Ference acknowledged that "offensively, we're a different team, and it's affected all of us," but in the early part of this season, his play didn't seem to reflect that reality.

He was making some bad decisions, seemingly rooted in his desire to make good things happen. Trouble is, plays that were worth trying when he was working with the likes of Lemieux and Jagr became low-percentage gambles after circumstances separated them.

Ference's game slipped so far out of sync that he was a healthy scratch for the Penguins' 3-1 victory Nov. 24 against Buffalo, something that would have been unthinkable at the start of the season.

Ference, though clearly disappointed at being held out of that game, chose to view it as a professional action, not a personal affront.

"It was more of a regroup," he said. "I don't think it was necessarily a matter of playing horrible hockey. I think it was more of just a matter of the coaches doing their job, seeing a guy who maybe needed a mental refocus."

The primary message Hillier wanted to deliver was that Ference's top priority had to be trying to prevent goals, not produce them. The Penguins don't expect much offense from their defensemen -- Ference's goal and four assists this season are about the norm -- but need for them to be steady in their own zone.

"First things first," Hillier said. "Our end is the primary concern. If he takes care of that, the other part of the game will come. ... He is a defenseman. He has to play well defensively.

"I wouldn't classify Andy as an offensive defenseman -- I'd classify him as a guy who has pretty decent offensive skill -- but when things aren't going well offensively, like what was anticipated, they need to get playing well in their own end."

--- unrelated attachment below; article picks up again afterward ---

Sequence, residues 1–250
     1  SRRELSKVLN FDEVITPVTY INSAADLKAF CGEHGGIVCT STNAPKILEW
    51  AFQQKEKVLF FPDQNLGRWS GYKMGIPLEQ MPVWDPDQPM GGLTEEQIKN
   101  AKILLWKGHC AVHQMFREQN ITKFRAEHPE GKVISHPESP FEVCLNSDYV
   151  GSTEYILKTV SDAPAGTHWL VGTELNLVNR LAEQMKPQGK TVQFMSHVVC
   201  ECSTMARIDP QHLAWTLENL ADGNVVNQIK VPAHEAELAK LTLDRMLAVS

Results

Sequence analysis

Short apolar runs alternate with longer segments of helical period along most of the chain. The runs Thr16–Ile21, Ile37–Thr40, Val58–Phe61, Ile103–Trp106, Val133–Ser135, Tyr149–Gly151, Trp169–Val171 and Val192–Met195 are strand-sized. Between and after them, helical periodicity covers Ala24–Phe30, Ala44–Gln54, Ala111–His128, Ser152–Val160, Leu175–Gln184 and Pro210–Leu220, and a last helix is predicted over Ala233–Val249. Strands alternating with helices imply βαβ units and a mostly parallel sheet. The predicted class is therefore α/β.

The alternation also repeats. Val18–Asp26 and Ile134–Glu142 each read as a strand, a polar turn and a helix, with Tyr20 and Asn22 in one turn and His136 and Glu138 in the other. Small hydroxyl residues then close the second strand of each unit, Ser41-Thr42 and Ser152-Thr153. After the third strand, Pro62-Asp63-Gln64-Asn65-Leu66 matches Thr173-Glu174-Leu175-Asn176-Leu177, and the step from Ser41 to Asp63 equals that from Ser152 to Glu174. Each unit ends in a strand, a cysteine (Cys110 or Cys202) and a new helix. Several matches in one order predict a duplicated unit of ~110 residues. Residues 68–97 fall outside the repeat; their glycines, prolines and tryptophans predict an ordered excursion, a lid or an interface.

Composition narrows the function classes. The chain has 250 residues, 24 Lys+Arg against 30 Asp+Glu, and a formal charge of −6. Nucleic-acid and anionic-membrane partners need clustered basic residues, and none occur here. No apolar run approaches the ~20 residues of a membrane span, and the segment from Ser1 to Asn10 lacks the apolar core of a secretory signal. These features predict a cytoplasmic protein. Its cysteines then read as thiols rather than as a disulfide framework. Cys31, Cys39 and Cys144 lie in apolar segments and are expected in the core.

That truth registered with Ference and influences the way he approaches his work.

"I can enter games now not having to worry about trying to create offense," he said. "[Focus] more on just trying to do my job."

That undoubtedly would be easier if Ference had had a steady partner this season, but injuries and experiments have compelled him to work alongside just about every defenseman on the depth chart.

"There's new communication with every guy, new tendencies with every guy, and just the chemistry," Ference said. "People talk about chemistry, be it for forwards or defense, and that's kind of a [hard-to-calculate] factor, where you know where the guy's going to be, and exactly what to be [because of] what he's doing.

"So many factors go into it. If you don't have that, it's tough playing very basic hockey. The flow just isn't there."

Mastering Ference's position generally takes a full five years, and he understands that, but it doesn't mean he easily accepts performing at anything less than his absolute best.

"Andy's a competitive guy, and I know his expectations for himself are very high," Hillier said. "And I like that. There's nothing wrong with that. He's a motivated kid. He wants to do well. He expects to do well."

Ference should. After all, he's done it before. And not so long ago.